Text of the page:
Sunday, February 10, 2008

No Appointment

I've had a few people ask me why I didn't seek appointment for one of the Fourth District commission seats. For many, it seems to be obvious- but is it?

The people who ask usually phrase it this way- if you're willing to serve and you think you're the best candidate, why not start now?

When the primary was over, and the question turned to the appointments, the first thing I did was to recruit and push many of those who did not win their primary to seek appointment. To be honest, some really didn't want to and had to be talked into it. Why did I do this? It's a question of fairness. While Ed Shouse has more name recognition in the city areas of the Fourth District (and appointment would balance that), would it be fair to 'wrestle' some incumbent advantage I didn't have before? I've certainly heard some arguments made to me that seeking incumbent advantage would 'balance the field,' many pointing out that major media is likely to give more coverage to Shouse.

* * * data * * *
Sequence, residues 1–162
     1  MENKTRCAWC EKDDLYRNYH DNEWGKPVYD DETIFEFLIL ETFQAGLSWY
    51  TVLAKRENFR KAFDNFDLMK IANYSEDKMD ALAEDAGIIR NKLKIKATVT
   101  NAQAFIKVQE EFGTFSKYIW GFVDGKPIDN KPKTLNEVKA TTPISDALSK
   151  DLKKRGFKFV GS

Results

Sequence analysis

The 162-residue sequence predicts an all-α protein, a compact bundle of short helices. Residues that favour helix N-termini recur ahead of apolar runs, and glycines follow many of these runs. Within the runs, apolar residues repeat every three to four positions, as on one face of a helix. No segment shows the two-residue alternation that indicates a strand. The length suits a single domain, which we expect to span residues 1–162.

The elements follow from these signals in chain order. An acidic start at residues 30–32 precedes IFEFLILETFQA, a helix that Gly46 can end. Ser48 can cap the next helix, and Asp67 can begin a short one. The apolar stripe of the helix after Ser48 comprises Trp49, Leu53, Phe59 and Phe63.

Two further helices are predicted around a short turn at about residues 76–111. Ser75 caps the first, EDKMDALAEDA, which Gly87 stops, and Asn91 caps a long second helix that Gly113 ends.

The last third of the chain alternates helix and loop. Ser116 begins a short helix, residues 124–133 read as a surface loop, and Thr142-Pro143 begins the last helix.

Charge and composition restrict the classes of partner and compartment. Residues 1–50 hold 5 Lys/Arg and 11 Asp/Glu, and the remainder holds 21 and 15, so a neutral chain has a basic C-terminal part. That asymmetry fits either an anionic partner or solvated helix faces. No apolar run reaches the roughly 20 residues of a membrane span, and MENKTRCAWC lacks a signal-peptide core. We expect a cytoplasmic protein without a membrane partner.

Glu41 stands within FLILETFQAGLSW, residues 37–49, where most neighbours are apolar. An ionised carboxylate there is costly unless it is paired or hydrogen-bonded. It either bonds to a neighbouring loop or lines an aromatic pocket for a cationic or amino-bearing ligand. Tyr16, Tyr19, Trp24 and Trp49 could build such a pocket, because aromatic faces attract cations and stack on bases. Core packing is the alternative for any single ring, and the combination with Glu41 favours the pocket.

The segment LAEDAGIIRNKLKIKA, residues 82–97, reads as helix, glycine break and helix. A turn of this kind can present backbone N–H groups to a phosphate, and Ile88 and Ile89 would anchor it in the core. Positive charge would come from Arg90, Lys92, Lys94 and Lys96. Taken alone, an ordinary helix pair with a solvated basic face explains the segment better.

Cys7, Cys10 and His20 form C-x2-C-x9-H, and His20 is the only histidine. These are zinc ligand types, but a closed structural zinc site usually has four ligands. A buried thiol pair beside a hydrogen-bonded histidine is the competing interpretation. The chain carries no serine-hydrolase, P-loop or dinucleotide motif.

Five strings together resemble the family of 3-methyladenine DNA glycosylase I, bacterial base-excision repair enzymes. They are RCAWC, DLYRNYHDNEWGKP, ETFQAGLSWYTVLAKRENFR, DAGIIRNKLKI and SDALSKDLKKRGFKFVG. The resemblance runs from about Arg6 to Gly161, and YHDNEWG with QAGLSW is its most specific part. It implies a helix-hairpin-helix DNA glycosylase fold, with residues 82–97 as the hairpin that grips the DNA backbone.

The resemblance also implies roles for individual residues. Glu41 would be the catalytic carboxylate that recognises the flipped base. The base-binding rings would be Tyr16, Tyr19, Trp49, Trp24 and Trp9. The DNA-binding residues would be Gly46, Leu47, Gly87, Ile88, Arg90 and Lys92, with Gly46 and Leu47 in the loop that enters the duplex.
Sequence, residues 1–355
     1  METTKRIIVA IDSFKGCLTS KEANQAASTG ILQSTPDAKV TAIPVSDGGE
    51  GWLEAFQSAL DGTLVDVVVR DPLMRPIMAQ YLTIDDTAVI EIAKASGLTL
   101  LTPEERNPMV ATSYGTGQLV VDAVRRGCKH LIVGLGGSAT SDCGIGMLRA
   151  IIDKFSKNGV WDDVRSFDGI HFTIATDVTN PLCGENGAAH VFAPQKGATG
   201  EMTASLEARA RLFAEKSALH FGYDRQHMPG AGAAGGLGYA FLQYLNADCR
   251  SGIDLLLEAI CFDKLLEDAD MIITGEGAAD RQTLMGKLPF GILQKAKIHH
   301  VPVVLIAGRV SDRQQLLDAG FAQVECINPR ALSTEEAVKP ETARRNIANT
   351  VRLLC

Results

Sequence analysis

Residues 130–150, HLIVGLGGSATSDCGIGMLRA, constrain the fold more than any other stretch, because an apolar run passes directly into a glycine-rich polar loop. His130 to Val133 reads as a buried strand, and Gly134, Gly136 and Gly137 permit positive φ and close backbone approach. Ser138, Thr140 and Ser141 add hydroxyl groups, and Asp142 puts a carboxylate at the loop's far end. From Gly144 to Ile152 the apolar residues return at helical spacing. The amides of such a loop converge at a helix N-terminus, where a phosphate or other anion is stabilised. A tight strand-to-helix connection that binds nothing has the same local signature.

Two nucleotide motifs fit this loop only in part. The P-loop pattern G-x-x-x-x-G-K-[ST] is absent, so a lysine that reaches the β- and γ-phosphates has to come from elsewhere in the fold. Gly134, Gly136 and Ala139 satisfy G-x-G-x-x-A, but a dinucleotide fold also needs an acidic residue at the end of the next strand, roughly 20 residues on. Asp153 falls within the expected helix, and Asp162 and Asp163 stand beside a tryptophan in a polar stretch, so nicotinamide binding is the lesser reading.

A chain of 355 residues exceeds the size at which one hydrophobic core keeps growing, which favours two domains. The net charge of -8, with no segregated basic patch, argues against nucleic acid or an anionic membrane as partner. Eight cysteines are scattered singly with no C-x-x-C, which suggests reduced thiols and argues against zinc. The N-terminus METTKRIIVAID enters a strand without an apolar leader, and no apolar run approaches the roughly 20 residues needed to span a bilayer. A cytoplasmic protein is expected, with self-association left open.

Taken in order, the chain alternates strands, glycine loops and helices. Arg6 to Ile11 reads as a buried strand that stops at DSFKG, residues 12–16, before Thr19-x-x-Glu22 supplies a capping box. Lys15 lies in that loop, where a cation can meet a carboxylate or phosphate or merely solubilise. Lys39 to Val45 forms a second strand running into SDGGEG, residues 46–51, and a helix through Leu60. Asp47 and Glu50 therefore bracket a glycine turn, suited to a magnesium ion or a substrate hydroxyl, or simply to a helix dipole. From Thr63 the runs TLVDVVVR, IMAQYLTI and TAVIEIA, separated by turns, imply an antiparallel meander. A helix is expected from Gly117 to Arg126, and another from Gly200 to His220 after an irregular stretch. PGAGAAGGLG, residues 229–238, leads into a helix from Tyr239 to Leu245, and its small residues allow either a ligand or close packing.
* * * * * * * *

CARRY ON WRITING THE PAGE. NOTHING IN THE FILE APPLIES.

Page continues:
And to be clear, it's not because I think it's the "kiss of death" either to be appointed by the current commission. The sole things I had to balance in my decision were the issues of what the Fourth District needs versus fairness. We have several good appointee candidates now. If there had only been one or two names thrown out, I probably would have faxed a tentative resume in Friday (qualifying the request for appointment with an agreement to step aside if other good candidates came forward). But the voters need a fair, straight-up election. I have five months to overcome the name recognition issue, and I'm confident the voters will choose someone who stands for real change.

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